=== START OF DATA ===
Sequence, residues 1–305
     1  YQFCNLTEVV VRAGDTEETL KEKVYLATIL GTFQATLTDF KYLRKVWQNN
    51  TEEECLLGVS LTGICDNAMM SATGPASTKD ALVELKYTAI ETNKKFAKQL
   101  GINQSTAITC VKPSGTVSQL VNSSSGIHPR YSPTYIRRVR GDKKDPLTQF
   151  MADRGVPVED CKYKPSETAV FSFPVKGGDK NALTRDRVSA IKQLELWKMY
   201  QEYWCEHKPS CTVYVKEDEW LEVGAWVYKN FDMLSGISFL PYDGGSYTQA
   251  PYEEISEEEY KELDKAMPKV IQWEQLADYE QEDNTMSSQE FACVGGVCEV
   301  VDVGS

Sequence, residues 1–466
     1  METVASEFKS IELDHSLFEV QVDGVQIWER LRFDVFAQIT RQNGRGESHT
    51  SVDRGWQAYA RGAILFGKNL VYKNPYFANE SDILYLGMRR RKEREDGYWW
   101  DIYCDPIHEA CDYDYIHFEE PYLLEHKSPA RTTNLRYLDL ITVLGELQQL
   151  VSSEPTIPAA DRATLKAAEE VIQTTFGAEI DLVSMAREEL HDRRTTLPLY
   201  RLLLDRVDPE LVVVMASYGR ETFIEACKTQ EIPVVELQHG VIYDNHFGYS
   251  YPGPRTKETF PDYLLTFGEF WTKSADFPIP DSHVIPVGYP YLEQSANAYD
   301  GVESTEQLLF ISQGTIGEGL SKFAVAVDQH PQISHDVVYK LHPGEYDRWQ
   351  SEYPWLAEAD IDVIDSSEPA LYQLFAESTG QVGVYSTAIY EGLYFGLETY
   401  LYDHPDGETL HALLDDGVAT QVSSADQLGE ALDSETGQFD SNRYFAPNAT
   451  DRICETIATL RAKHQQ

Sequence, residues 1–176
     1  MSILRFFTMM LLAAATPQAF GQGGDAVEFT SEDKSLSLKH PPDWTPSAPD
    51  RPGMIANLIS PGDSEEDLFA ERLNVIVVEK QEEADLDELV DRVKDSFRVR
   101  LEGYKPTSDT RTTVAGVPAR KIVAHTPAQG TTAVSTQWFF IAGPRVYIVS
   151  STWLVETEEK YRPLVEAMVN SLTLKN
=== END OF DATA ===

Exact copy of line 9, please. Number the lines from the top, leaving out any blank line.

Sequence, residues 1–466